You will not see that image as my profile pic in Facebook. For me to take that one small step, the government had better take some pretty massive leaps.
Don’t get me wrong – a more digital India is a good thing. It’s worthy of your support. All I am urging is to think a little deeper about this initiative.
In many ways, it’s already started. The Indian smartphone industry is booming and starting to reach deeper into the population, some branches of Central Bank of India proudly boast that they are finally computerised and traffic police carry around cumbersome handheld challan machines that they take hours to do anything on. We are heading there.
I too am obsessed with gadgets and technology. My phone, my laptop and the net have become absolutely essential, like many of my urban compatriots. Unfortunately, most of India doesn’t live in the urban areas. And they have far more to worry about than 3G connections – things like hygiene, power, roadways, medical facilities, education and clean drinking water.
Modi’s government has certainly gained a lot of praise for the Digital India, Make in India and Swachh Bharat campaigns. It may seem like he’s really pushing India to compete globally and become a first-world country. But, from my perspective, this is all just make-up to hide the ugly truth of the quality of life most Indians still have to endure. This betrays the short-sightedness of not only the current government, but each one that has preceded it.
Modi promised to put a toilet in every home, but he never really thought of where the water would come from when you pull the flush. He wants to put computers in every village, most of which don’t have power for most of the day. He wants to have a Swachh Bharat but doesn’t have a clue how to give clean drinkable water to each and every citizen. He wants to build broadband highways while roads across the country turn into craters every time it rains. He wants a digital India where a large chunk of our population can barely read. To add to this, we still have one of the world’s largest populations of bonded labour, and our educational system and medical facilities at the rural level are archaic.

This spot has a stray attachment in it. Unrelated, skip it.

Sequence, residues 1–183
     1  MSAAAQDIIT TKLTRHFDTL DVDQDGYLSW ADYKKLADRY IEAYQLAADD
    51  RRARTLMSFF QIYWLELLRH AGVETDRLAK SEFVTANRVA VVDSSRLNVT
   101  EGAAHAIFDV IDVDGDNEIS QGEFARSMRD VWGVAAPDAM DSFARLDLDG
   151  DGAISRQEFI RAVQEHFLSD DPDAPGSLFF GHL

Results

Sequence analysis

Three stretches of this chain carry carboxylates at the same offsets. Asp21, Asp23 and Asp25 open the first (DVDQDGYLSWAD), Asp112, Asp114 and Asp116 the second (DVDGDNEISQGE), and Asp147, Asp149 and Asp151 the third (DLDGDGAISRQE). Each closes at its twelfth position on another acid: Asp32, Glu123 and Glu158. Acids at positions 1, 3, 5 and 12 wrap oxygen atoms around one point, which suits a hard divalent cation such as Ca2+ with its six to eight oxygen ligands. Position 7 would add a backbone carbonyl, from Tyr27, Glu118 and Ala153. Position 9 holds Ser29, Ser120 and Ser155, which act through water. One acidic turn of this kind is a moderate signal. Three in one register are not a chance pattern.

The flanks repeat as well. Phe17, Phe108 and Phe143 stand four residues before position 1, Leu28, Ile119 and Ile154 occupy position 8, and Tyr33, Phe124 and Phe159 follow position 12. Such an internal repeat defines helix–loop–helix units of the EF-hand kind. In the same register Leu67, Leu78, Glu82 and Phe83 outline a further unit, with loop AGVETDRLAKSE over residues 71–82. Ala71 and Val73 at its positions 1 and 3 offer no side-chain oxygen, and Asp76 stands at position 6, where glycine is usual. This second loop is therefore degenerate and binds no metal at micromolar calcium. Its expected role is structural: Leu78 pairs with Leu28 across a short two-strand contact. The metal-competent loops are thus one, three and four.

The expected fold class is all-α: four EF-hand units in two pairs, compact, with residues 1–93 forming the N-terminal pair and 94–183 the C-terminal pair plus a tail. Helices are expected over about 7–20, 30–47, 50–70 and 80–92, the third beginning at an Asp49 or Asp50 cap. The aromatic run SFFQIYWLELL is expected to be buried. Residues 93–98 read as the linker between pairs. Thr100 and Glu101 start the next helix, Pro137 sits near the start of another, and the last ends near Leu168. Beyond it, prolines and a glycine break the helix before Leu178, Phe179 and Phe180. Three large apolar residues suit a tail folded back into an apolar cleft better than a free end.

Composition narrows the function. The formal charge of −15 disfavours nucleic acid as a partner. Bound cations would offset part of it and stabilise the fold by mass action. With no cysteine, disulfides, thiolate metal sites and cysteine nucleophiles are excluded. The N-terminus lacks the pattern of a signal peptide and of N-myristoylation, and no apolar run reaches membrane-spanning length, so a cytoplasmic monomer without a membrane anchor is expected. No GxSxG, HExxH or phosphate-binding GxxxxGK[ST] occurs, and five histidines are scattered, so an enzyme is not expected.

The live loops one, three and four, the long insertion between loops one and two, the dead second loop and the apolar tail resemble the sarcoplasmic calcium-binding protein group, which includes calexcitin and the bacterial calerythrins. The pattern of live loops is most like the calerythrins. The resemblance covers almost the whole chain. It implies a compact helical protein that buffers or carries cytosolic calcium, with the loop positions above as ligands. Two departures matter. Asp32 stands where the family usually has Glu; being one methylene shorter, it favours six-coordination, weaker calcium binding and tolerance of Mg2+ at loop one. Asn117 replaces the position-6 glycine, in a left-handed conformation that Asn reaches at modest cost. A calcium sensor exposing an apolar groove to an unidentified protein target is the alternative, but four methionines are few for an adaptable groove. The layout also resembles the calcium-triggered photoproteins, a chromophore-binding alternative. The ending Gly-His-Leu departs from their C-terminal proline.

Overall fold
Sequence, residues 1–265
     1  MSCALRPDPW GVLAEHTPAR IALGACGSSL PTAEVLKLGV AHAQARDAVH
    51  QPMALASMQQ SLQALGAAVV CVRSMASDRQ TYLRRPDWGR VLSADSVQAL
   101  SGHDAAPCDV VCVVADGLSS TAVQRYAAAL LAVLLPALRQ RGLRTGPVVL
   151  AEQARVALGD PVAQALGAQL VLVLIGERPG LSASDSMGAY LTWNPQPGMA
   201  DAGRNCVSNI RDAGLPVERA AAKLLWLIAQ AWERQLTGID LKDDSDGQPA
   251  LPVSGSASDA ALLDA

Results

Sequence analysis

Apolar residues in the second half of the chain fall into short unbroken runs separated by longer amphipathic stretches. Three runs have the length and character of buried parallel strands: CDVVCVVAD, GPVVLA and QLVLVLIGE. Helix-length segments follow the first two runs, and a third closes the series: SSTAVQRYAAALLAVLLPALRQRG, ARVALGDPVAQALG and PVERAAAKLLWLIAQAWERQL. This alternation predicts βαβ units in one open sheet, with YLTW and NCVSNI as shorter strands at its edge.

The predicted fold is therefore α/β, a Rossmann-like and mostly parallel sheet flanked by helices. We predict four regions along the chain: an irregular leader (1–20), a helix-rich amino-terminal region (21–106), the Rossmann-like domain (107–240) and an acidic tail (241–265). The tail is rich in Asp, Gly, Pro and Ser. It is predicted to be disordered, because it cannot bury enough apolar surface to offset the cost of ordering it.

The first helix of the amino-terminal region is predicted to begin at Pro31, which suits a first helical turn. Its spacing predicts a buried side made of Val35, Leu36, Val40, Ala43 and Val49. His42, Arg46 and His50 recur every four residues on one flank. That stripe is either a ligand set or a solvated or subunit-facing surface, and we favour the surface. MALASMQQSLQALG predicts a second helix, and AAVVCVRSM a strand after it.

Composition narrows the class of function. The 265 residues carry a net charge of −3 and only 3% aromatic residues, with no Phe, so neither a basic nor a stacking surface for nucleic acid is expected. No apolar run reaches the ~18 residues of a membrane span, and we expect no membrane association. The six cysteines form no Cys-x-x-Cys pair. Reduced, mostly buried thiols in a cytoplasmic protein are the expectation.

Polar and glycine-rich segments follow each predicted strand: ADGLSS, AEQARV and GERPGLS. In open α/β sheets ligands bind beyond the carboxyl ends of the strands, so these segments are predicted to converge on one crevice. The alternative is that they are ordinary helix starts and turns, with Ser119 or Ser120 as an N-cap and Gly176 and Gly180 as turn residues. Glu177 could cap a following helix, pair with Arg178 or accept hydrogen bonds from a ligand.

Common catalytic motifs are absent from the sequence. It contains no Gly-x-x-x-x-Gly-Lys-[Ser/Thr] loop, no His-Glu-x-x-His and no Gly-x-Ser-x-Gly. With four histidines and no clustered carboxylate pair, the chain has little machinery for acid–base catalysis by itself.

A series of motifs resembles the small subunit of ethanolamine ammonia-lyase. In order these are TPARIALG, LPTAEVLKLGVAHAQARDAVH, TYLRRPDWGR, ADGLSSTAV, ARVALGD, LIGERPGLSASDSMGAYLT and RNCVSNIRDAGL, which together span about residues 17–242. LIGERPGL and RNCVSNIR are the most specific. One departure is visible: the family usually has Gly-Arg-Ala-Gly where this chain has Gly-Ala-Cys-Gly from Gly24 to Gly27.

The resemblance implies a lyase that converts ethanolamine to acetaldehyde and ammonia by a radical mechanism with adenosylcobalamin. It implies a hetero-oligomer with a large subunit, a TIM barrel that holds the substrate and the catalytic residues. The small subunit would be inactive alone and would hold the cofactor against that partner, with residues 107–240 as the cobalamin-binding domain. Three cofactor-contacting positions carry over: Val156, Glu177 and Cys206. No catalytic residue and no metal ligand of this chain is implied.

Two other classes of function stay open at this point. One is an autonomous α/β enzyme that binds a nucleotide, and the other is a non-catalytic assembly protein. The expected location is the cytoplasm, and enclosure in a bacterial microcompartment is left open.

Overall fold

Our government is trying so hard to portray a certain image of India to the world. Unfortunately, most Indians don’t live in the India they want the world to see. But whenever we watch international television, or travel abroad, we can see the potential our nation has to grow towards a true first-world country. Building up our industries is essential, yes, but shouldn’t our basic infrastructure and a higher standard of living for the lowest sections of society take a higher priority?
Now, I’m not putting this whole burden on the current Prime Minister’s shoulders. The point I’m trying to make is that these basic necessities should be at the core of any government’s agenda. But our archaic, inept and deeply corrupt bureaucracy is only concerned about its own gain and not the betterment of the country. To this end, it’s efficient only in syphoning off our country’s funds, as it has been doing for generations.
This isn’t about blaming the current party in power. This is about remembering that this country has many deeper problems that need to be addressed. And that is not something Mark Zuckerburg can help us with.